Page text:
Dr. Jennifer Nez Denetdale, associate professor of American Studies at the University of New Mexico will visit at Fort Lewis College as part of the FLC Native American Center Speaker Series. In addition to meeting with students, Dr. Denetdale will offer a public presentation at 7 p.m. in the Center of Southwest Studies Lyceum on Tuesday, November 15, 2011. The presentation is free and open to the public.
Within the context of modern national formations, Dr. Denetdale’s presentation at FLC will explore the uses of oral tradition to foment and foster a Navajo national consciousness. As this lecture will demonstrate, oral histories and tradition have been deployed in different ways, including uses within Navajo kin relations, by American historians, and Navajo nationalists. Further, photographs of Navajos have been significant to reclaiming distinctive Navajo cultural values.
Jennifer Nez Denetdale is a citizen of the Navajo Nation and originally from Tohatchi, New Mexico. She is the author of Reclaiming Diné History: The Legacies of Chief Manuelito and Juanita (Univ. of Arizona Press, 2007), two Navajo histories for young adults, and numerous essays. Professor Denetdale is the first Diné to be awarded a doctorate in history, which she received in 1999 from Northern Arizona University.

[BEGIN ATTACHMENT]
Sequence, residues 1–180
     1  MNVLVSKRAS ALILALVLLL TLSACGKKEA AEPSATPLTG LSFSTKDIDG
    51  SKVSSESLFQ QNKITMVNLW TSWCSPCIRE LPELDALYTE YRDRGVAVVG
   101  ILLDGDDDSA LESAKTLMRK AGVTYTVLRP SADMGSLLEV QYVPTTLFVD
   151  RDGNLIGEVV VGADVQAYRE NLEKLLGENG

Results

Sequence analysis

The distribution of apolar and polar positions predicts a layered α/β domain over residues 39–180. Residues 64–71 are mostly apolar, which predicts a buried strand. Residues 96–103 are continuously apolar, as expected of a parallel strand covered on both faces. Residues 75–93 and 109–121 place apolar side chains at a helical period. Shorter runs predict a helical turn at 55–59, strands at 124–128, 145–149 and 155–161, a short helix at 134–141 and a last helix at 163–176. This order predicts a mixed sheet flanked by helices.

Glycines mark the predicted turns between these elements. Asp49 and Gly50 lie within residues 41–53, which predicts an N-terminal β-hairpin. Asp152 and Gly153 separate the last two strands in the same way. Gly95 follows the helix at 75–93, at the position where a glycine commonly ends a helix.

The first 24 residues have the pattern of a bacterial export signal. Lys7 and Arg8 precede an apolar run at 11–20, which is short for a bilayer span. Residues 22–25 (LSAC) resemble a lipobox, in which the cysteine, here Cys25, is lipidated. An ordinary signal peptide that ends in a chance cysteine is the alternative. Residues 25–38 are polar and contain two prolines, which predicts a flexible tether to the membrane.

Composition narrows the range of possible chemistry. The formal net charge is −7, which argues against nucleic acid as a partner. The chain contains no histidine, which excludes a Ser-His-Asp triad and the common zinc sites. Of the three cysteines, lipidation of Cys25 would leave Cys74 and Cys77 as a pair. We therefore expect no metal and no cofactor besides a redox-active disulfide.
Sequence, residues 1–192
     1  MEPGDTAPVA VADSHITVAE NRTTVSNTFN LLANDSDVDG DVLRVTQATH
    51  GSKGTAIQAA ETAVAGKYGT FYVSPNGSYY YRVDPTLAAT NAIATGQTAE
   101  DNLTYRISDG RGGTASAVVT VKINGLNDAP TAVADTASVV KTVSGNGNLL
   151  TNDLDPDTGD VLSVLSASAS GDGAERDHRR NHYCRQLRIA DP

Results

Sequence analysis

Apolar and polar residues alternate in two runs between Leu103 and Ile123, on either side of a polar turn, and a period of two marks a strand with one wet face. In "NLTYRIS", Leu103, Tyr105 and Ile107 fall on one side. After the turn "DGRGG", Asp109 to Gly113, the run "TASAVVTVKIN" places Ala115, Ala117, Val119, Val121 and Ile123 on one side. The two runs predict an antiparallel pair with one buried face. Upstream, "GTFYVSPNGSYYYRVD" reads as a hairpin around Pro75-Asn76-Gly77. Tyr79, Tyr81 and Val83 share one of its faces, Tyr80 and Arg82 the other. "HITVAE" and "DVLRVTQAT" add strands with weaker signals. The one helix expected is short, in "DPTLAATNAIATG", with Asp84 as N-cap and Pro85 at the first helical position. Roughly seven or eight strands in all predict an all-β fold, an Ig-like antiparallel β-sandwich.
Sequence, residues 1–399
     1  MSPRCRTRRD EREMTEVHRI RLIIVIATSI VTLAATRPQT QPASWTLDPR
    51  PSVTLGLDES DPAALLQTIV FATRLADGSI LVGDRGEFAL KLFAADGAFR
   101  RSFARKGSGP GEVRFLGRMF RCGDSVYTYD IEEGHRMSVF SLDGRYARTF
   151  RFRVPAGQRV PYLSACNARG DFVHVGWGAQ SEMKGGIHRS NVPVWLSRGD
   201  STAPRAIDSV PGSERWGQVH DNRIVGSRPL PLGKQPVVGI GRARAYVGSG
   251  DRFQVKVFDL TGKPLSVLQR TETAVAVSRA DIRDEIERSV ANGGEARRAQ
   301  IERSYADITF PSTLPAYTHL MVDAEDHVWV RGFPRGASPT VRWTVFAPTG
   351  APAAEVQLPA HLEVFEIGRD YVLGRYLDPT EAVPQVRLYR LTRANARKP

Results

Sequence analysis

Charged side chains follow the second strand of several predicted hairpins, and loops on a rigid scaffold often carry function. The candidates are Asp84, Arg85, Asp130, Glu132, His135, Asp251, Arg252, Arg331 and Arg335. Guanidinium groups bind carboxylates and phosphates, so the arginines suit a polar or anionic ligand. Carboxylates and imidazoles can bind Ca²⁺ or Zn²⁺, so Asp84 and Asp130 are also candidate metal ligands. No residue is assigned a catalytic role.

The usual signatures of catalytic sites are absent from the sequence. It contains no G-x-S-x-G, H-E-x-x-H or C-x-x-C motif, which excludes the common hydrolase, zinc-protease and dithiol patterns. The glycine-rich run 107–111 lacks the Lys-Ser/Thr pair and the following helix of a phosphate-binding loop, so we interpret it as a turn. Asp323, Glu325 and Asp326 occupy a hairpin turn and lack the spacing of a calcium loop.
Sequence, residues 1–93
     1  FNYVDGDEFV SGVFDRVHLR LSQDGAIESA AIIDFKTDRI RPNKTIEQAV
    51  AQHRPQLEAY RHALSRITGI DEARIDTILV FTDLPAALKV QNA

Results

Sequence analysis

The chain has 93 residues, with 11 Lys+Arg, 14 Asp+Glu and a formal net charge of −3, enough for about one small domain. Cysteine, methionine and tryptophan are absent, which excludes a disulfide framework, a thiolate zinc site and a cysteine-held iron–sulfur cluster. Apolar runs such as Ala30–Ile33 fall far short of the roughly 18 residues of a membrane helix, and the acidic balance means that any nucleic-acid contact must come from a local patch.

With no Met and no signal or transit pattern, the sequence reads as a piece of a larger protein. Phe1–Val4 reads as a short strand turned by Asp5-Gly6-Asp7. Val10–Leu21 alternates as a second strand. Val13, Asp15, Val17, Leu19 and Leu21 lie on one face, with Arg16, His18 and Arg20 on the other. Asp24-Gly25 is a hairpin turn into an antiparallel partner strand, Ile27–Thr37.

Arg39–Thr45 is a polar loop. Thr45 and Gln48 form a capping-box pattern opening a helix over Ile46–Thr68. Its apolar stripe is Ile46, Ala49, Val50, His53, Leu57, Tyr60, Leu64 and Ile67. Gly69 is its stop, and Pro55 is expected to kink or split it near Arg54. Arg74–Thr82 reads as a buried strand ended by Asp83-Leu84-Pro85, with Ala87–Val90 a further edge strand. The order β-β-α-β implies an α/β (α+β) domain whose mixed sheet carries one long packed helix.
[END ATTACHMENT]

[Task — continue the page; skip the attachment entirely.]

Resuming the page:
She serves on the Navajo Nation Human Rights Commission. Most recently, she was guest curator for the exhibit “Hastiin Ch’ilhajíní dóó Diné bi Naat’áanii Bahane’: Chief Manuelito and Navajo Leaders,” now showing at the Navajo Nation Museum. Her research interests have included the uses of oral tradition to create Diné histories and examinations of Navajo Long Walk stories and memory. Currently, she is researching and writing on formations of tribal nations, gender, and the politics of tradition.